RMED5311 Integrated Rural Medical Practice 1
- 18 points
Availability Location Mode Non-standard teaching period Rural and remote sites Face to face
- The Doctor of Medicine (MD) course is based around six themes—professional, leader, advocate, clinician, educator and scholar. This unit provides teaching in all of these themes within the rural clinical attachments and related teaching in Year 3 of the MD course. This consists of student attachments to rural medical practitioners and includes exposure to, and practice in, a variety of clinical disciplines including, but not restricted to, surgery, psychiatry, internal medicine, general practice, ophthalmology, paediatrics and child health, and women's and infants' health. Students undertake clinical care of patients under the supervision of experienced clinicians in a real rural clinical environment including ward rounds, operating theatre, outpatient clinics, emergency department attachments, community practices and other clinical encounters. Students engage in small group learning sessions to discuss evidence-based practice in related clinical disciplines in the rural health contexts. Students are expected to apply the knowledge, skills and professional attitudes gained in a rural context.
- Students are able to meet the learning outcomes for the cognate urban unit (IMED5311/IMED5312 Integrated Medical Practice 2), with additional competence in rural generalist practice and Aboriginal health care.
- Typically this unit is assessed in the following ways: (1) in-training assessment during the clinical attachments including assignments, tutor ratings, structured clinical assessments, case presentations, quizzes; (2) an end of year clinical examination (objective structured clinical examination); (3) an end of year written examination; (4) professional behaviour and attendance rating; and (5) portfolio-based assessment. Further information is available in the unit outline.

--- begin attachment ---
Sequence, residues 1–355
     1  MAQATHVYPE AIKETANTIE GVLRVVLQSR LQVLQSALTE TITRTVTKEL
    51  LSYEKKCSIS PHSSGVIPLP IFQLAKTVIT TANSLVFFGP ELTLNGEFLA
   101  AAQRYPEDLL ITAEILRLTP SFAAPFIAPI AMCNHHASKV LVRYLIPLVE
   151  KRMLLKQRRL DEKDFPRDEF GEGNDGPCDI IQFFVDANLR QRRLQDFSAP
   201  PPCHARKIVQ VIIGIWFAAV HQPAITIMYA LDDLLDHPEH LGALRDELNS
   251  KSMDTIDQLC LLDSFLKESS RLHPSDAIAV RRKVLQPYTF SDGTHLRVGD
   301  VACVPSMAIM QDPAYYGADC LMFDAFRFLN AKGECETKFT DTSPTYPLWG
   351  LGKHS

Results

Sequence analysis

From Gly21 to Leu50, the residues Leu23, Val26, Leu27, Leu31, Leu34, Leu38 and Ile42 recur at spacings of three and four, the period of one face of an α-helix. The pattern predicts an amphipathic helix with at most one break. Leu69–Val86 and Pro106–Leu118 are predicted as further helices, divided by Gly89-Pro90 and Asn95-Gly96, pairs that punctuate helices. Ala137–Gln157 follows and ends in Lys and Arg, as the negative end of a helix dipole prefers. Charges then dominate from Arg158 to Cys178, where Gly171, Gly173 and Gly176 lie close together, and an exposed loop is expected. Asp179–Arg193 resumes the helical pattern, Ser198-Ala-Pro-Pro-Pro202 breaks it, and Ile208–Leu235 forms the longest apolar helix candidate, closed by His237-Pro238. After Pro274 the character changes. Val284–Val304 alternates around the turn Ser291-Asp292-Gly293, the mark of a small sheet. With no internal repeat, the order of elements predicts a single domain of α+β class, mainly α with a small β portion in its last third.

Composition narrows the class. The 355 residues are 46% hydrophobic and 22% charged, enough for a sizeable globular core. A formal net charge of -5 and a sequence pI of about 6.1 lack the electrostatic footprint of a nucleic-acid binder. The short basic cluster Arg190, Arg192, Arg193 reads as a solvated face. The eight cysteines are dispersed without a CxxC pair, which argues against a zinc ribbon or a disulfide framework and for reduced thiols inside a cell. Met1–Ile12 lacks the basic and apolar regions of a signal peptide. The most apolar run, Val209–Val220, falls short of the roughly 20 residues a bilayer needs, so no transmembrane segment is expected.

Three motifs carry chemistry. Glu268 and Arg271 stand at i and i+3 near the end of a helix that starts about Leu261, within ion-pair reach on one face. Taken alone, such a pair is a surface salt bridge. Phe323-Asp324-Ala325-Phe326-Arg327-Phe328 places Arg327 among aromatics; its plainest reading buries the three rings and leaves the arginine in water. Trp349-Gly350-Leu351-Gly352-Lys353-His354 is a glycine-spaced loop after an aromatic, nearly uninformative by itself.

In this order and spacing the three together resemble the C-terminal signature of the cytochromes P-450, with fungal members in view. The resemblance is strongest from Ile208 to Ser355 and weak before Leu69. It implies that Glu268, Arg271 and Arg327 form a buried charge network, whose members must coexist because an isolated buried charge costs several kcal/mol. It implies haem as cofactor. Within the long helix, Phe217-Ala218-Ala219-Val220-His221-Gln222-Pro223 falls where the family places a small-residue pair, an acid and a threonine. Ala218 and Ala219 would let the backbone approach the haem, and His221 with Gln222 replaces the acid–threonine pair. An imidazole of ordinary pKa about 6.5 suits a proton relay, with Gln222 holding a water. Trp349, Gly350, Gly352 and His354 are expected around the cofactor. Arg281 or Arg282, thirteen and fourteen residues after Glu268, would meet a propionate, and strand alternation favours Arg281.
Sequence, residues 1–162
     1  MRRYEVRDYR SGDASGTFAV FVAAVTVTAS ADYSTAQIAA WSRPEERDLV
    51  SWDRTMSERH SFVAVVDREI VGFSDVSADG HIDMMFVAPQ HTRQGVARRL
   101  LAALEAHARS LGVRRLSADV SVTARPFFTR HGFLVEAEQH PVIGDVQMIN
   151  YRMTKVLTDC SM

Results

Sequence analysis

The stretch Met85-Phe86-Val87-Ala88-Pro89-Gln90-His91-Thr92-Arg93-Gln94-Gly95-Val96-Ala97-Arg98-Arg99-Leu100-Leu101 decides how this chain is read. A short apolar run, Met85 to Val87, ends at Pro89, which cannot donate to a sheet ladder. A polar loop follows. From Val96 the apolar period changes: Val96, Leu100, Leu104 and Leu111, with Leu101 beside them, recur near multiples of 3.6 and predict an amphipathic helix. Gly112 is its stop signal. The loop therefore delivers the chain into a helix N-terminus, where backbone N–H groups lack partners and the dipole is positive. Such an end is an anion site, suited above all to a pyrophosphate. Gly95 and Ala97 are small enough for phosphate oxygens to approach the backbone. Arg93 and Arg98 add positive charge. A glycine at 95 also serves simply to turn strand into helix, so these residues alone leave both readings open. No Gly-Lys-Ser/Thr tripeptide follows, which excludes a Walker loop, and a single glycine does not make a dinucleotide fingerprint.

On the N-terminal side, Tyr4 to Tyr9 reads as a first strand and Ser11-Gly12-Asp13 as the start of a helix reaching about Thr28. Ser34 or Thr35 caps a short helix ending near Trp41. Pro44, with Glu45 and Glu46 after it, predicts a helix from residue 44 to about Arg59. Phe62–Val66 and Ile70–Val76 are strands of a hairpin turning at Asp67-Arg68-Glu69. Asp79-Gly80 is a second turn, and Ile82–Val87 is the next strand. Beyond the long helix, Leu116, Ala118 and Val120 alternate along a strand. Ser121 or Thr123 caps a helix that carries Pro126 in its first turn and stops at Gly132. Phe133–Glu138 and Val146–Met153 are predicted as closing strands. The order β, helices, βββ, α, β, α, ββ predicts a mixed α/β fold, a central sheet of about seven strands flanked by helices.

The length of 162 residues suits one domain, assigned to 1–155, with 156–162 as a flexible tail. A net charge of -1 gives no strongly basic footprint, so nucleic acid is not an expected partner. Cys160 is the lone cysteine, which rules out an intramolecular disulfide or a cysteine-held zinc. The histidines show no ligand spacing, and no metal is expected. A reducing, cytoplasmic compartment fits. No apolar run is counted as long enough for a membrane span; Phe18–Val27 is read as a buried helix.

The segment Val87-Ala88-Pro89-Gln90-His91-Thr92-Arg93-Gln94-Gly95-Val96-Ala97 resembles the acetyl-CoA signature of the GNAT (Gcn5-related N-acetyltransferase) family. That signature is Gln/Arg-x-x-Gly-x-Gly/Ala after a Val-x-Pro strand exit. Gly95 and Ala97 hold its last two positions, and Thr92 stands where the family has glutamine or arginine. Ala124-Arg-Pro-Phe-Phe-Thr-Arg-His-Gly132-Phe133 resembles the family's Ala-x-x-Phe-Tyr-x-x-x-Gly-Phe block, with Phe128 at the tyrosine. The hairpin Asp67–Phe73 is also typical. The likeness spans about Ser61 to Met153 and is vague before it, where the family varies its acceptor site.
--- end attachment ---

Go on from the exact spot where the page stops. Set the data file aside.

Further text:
To pass this unit, a student must: (a) achieve an overall mark of 50 per cent or higher for the unit; and (b) achieve the requisite standard(s) for the in-training assessment during the clinical attachments including assignments, tutor ratings, structured clinical assessments, case presentations, quizzes, an end of year written examination, professional behaviour and attendance rating, and portfolio-based assessment components of the unit, as specified in the unit outline.
Supplementary assessment is available for those students who obtain a mark of 45 to 49 inclusive in this unit.
- Unit Coordinator(s)
- Associate Professor Denese Playford
- Unit rules
- IMED4221 Integrated Medical Practice 1
- AHEA5801 Aboriginal Health Research and Ethics
SRUR5311 Rural Specialisation—Research Project 1
SMED5311 Research Project 1
SAHE5312 Service Learning Aboriginal Health Unit 2
SRUR5312 Rural Specialisation—Service Learning Unit 2
SMED5312 Service Learning Unit 2
PUBH4403 Epidemiology I
IMED5802 Principles of Assessment and Evaluation
IMED5803 Introduction to Research in Health Professions Education
IMED5393 Special unit: MBBS Scholarly Activity Research Unit
IMED5332 Special Unit: MBBS Scholarly Activity 2
Approved quota: 60—domestic students
- Contact hours
- per site
- This is a full year unit, split into two semester parts (Part 1 and Part 2) worth 18 points per semester. The one unit outline incorporates both parts.
- The availability of units in Semester 1, 2, etc. was correct at the time of publication but may be subject to change.
- All students are responsible for identifying when they need assistance to improve their academic learning, research, English language and numeracy skills; seeking out the services and resources available to help them; and applying what they learn. Students are encouraged to register for free online support through GETSmart; to help themselves to the extensive range of resources on UWA's STUDYSmarter website; and to participate in WRITESmart and (ma+hs)Smart drop-ins and workshops.
- Books and other material wherever listed may be subject to change. Book lists relating to 'Preliminary reading', 'Recommended reading' and 'Textbooks' are, in most cases, available at the University Co-operative Bookshop (from early January) and appropriate administrative offices for students to consult. Where texts are listed in the unit description above, an asterisk (*) indicates that the book is available in paperback.